The Congress @ The Ross

Robin Wright animated  in her psychedelic world.

Robin Wright animated in her psychedelic world.

My father always would offer these stern words of caution when I went to a social gathering. He would say, “you may go, but know when to leave the party.” My father’s caution is exactly what I would have offered to film director Ari Folman if I had the opportunity. Folman takes the audience on a psychedelic mind trip in his film The Congress, starring Robin Wright and Harvey Keitel.

I got it — this excursion into the world of primary colors and dreamscapes—this alternative universe into which Robin Wright travels to escape the reality of aging. But Folman stays so long in that sphere that it no longer matters what happens to anybody; it wears on the mind. I also got the messages that Folman doles out with a heavy hand. There is a critique of celebrity culture and how the operators of it salivate over young flesh with a hatred of its natural ability to age; how fans become so hungry for its stars that they will virtually eat and/or drink them alive; and, how film studios and their mogul administrators tire of handling the volatile personalities of actors.

Robin Wright in the Digital Laboratory "recording" all of her mannerisms

Robin Wright in the Digital Laboratory “recording” all of her mannerisms

Miramount, the fictional film studio has just the solution to assuage its woes: digitize the still youthful looking Robin Wright, upload all of her mannerisms and feelings into a database, and cast that digitized image in films for all eternity. There is a devil in the catch, and it is evil: Robin Wright must never act again – not in theater nor onscreen. Robin Wright signs the contract, and Folman rightly imagines then answers the question: what happens when an artist never can practice her art nor lend her talents to the world again. She turns to chemicals and trips out on a fantasy filled with a la-la land of personalities, to include Jesus, Michael Jackson, Queen Elizabeth, Elvis Pressley, and a Tom Cruise look-a-like.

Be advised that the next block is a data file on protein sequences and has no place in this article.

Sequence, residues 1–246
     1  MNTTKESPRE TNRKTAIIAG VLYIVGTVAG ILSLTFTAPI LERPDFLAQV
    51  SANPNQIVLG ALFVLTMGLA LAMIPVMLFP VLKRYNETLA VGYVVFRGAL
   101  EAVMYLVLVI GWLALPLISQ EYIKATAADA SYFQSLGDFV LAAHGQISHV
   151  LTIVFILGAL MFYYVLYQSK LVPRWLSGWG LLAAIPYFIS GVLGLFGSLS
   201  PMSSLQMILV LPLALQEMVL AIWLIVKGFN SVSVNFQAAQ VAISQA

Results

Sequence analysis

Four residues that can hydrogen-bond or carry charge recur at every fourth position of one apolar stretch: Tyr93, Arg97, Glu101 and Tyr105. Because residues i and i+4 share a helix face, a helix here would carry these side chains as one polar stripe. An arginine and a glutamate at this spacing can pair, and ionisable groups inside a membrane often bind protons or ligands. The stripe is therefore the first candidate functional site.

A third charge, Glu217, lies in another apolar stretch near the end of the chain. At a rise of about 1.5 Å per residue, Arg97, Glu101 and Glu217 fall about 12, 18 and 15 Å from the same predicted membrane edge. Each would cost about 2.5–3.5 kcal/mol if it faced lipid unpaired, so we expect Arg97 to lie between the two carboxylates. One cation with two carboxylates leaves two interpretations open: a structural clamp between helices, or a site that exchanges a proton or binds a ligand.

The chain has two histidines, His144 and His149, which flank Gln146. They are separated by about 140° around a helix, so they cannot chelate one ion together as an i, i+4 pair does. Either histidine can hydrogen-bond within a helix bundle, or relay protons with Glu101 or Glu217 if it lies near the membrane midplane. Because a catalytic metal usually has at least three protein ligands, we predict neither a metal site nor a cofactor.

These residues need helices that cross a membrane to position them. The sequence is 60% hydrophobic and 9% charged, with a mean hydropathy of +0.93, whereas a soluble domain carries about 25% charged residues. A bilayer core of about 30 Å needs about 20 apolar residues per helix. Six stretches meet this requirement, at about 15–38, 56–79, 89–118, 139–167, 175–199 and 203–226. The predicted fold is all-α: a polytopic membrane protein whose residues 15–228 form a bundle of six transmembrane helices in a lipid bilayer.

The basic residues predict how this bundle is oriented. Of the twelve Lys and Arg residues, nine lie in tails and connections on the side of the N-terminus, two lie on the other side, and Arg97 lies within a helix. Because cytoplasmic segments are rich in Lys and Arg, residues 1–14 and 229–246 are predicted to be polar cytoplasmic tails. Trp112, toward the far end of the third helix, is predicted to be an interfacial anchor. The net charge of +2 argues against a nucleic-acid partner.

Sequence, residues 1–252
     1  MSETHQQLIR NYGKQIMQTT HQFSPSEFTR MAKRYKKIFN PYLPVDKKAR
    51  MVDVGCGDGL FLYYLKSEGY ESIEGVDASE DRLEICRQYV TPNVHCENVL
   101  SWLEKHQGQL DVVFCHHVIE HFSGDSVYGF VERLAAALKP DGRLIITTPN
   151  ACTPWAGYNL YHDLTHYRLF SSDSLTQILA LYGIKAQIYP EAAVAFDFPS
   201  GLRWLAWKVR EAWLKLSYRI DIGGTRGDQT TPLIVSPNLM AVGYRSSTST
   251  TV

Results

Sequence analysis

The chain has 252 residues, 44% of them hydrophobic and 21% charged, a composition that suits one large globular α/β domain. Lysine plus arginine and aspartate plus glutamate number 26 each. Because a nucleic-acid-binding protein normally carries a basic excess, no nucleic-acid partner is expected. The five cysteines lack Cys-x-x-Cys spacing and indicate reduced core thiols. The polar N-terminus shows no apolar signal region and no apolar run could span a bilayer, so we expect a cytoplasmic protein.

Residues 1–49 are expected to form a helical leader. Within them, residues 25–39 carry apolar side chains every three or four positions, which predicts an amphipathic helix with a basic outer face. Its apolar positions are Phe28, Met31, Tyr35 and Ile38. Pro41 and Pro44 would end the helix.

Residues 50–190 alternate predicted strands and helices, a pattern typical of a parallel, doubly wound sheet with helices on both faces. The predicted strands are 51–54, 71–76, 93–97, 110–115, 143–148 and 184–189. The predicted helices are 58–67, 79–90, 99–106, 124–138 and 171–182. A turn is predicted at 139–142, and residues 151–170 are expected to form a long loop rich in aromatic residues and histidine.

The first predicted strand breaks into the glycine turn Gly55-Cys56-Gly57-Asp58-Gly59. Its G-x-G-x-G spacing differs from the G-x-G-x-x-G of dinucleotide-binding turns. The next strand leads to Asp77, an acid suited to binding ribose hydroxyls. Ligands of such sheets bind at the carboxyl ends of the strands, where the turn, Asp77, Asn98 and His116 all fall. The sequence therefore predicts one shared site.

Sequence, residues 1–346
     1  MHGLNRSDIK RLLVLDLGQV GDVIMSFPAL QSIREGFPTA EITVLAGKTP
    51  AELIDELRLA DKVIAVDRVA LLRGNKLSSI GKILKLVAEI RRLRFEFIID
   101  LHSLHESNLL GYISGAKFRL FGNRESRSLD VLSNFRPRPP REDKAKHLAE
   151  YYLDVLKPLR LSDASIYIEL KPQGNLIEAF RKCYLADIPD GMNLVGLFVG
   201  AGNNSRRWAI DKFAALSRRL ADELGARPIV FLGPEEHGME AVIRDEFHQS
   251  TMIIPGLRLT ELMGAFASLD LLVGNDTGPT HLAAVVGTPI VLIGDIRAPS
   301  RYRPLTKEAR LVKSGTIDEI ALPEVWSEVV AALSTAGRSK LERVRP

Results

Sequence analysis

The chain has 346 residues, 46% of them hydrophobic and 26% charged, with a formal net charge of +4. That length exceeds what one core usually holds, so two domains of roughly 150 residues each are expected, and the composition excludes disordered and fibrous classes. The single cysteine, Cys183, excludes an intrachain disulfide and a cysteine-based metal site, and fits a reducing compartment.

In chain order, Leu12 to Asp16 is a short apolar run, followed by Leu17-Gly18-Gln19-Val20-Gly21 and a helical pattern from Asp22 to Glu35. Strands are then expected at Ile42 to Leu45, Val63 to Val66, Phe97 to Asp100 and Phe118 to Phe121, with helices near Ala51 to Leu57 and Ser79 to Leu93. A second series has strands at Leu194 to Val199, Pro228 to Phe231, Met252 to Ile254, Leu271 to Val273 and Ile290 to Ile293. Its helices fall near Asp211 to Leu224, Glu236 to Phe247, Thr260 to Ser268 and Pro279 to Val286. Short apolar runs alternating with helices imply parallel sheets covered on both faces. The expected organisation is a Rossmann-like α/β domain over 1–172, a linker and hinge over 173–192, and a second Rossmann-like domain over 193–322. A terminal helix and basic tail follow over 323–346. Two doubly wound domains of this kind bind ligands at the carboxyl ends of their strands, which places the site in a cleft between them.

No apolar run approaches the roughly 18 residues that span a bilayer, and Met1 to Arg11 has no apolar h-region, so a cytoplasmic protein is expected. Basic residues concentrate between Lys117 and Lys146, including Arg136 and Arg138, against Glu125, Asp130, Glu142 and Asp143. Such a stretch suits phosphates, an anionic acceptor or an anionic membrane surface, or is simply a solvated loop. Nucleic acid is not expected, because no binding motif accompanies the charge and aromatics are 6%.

The plot becomes convoluted with twists and turns that end up somewhere that is nowhere. Folman tarries so long in the animated realm that I found myself conjuring up a shuttle to take me out of there! My father taught me well, though. I pulled my emotions from the story and waited for its end. I knew when to leave that party!

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The Congress plays through October 2d at The Ross Media Arts Center in Lincoln.

Listen to The Congress @ 1:00:05 recorded for Friday Live at The Mill!

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White Space ~ A Review

Maya Washington

Maya Washington

The clink of penny change on a sidewalk
The cuddle of coffee cups on a waitress’s tray
Sounds …

Love notes whispered
Sounds we take for granted

Sounds. Spoken Words. Each conducts the melodies of everyday life, but speaking the word is celebrated as the most powerful of social exchanges. In her beautifully imagined film short White Space, however, film director Maya Washington (White Space Poetry Project) gingerly dramatizes silence as the ‘other’ manner of communication in a space that privileges the spoken word: the stage. Washington shrewdly casts subtle clues that lead to an ‘opening night’ so affectionate that the heart stirs to rejoice; it has one other outlet for infinite expression.

The film opens on a street as the echoes of the night accompany a determined young man in a hoodie walking to somewhere. Matt Koskenmaki’s impassioned score forges the film’s serious almost haunting tone with bluesy bass chords dancing with percussion and the brassy buzz of the trumpet. The process of addition by subtraction produced the music’s blend Koskenmaki remembers:

I first saw the film … there was no music; it was very rare for someone to give me a short film like that … most temp in the music. [White Space] was a blank canvas, so what I did was write a lot of music–more music than was needed. When Maya came to hear what I had done, we went for low tones to [evoke] intimacy.